• The reduced cost for a variable is its cost
coefficient in the final tableau
price for the 2nd constraint (widgets on
hand)?
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The cost row in
the final tableau
is obtained by
of original
constraints to the
original cost row.
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How are
the reduced
costs in the
2nd tableau
below
obtained?
Take the initial
cost coefficients.
Then subtract 1/3
of constraint 1.
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Next: subtract
½ of constraint
2 from these
costs.
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How are
the reduced
costs in the
2nd tableau
below
obtained?
Subtract 1/3 of
constraint 1
and ½ of
constraint 2
from the initial
costs.
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Implications of Reduced Costs
• Implication 1: increasing the cost
coefficient of a non-basic variable by Δ
leads to an increase of its reduced cost
by Δ.
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What is the
effect of
the cost
coefficient
for x3?
the cost coefficient in
an initial tableau also
coefficient in
subsequent tableaus
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What is the
effect of
the cost
coefficient
for x2?
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Subtract Δ
times row 3
from row 1 to
get it back in
canonical form.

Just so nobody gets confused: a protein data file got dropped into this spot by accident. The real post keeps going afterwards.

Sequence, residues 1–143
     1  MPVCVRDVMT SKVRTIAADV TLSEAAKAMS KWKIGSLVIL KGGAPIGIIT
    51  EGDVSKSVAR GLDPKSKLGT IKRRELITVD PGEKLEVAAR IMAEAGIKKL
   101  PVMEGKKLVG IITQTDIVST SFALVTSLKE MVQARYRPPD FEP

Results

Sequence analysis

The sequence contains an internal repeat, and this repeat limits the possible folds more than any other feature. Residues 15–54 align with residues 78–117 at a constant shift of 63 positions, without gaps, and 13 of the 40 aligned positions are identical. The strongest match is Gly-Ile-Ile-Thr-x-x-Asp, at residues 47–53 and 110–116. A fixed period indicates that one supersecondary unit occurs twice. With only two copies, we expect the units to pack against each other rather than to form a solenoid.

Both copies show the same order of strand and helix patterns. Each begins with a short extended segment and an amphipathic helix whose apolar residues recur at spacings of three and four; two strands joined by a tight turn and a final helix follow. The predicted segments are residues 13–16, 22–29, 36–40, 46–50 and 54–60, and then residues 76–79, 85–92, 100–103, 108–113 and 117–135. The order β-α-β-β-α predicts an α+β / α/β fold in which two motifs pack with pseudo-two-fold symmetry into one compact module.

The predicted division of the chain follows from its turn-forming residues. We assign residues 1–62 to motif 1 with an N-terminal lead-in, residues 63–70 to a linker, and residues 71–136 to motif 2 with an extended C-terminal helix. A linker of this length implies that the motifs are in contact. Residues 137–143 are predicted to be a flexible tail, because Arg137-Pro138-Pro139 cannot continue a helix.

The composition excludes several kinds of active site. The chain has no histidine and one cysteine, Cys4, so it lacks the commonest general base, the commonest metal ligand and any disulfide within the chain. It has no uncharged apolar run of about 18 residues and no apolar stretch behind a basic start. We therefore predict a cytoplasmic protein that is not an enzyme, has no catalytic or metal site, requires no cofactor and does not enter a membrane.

How large can
Δ be?
Δ ≤ 1 for the
tableau to
remain optimal.
Bound on
changes in cost
coefficients.
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Implications of Reduced Costs
• Implication 2: We can compute the
reduced cost of any variable if we know
the original column and if we know the
“prices” for each constraint.
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Suppose that
another
variable, say
x5. Should we
produce x5?
What is
?
23
= 3/2 - 2*1/3 – 1*1/2 = 1/3
FACT: We can
compute the
reduced cost of a
new variable. If
the reduced cost
is positive, it
should be entered
into the basis.
24
More on Pricing Out
• Every tableau has “prices.” These are
usually called simplex multipliers.
• The prices for the optimal tableau are
25
Simplex Multipliers
π1=1/3
π2= 1/2
FACT: x2 is a
basic variable
and so
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A useful fact from linear algebra
• If column j in the initial tableau is a
linear combination of the other
columns, then it is the same linear
combination of the other columns in
the final tableau.
• e.g., if A.3 = A.2 + 2 A.1 , then
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On varying the RHS
• Suppose one adds Δ to b1.
– This is equivalent to adding Δ times
the column corresponding to the first
slack variable
– One can compute the shadow price
and also the effect on
• This transformation also provides
upper and lower bounds on the interval
for which the shadow price is valid.
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Summary of Lecture
•
•
•
•
•
Using tableaus to determine information
Changes in cost coefficients
Linear relationships between columns in the
original tableau are preserved in the final
tableau.
• Determining upper and lower bounds on Δ so
that the shadow price remains valid.